It may help to convey to us some notion of the extent and progress of Christianity, or rather of the character and quality of many early Christians, of their learning and their labours, to notice the number of Christian writers who flourished in these ages. Saint Jerome's catalogue contains sixty-six writers within the first three centuries, and the first six years of the fourth; and fifty-four between that time and his own, viz. A. D. 392. Jerome introduces his catalogue with the following just remonstrance :-"Let those who say the church has had no philosophers, nor eloquent and learned men, otserve who and what they were who founded, established, and adorned it: let them cease to accuse ol!r faith of rusticity, and confess their mistake."! Of these writers, several, as Justin, Irenæus, Clement of Alexandria, Tertullian, Origen, Bardesanes, * Jer. ep. 8. ad Heliod.

† Lardner, sol, sii. Jer. Prol. in Lib. de Scr. Eccl.

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Hippolitus, Eusebius, were voluminous writers. Christian writers abounded particularly about the year 178. Alexander, bishop of Jerusalem, a library in that city, A. D. 212. Pampht

he friend of Origen, founded a library at Cesarea, A.v. 294. Public defences were also set forth, by various advocates of the religion, in the course of its first three centuries. Within one hundred years after Christ's ascension, Quadratus and Aristides, whose works, except some few fragments of the first, are lost; and, about twenty years afterward, Justin Martyr, whose works remain, presented apologies for the Christian religion, to the Roman emperors ; Quadratus and Aristides to Adrian, Justin to Antonius Pius, and a second to Marcus Antoninus. Melito, bishop of Sardis, and Apollinaris, bishop of Hierapolis, and Miltiades, men of great reputation, did the same to Marcus Antoninus, twenty years afterward :* and ten years after this, Apollonius, who suffered martyrdom under the emperor Commodus, composed an apology for his faith, which he read in the Senate, and which was afterward published.t Fourteen years after the apology of Apollonius, Tertullian addressed the work which now remains under that name to the governors of provinces in the Roman empire; and, about the same time, Minucius Felix composed a defence of the Christian religion, which is still extant; and, shortly after the conclusion of this century, copious defences of Christianity were published by Arnobius and Lactantius.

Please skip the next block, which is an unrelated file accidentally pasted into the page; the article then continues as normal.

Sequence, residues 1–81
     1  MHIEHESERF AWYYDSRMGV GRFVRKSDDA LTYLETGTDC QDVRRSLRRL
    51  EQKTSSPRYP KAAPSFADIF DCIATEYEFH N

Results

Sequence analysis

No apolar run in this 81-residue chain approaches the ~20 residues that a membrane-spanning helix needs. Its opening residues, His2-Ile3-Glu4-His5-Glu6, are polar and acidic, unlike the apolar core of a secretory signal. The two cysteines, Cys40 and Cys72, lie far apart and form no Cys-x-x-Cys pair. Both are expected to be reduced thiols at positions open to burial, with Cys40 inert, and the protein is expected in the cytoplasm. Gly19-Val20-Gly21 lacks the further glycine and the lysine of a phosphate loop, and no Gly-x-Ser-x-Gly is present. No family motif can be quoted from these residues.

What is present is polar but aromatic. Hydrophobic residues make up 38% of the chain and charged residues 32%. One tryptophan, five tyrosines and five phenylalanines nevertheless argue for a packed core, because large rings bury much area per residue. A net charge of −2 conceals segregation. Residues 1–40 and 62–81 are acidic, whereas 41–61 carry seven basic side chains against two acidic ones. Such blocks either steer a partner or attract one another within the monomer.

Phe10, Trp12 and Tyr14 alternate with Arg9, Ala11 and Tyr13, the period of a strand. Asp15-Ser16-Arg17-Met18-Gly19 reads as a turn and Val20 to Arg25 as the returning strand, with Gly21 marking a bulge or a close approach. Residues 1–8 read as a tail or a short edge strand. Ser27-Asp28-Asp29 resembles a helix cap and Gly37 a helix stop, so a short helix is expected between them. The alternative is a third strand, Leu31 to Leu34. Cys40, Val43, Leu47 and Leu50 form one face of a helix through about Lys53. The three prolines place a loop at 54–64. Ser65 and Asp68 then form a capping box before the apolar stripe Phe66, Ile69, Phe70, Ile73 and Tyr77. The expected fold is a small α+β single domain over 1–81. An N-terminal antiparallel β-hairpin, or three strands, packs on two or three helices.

SECT. II. Reflections upon the preceding account. In viewing the progress of Christianity, our first attention is due to the number of converts at Jerusalem, immediately after its Founder's death ; beause this success was a success at the time, and

Easeb. Hist. lib. iv. c. 26. See also Lardner, vol. ii. p. 668.

Lardner, vol. ii. p. 687.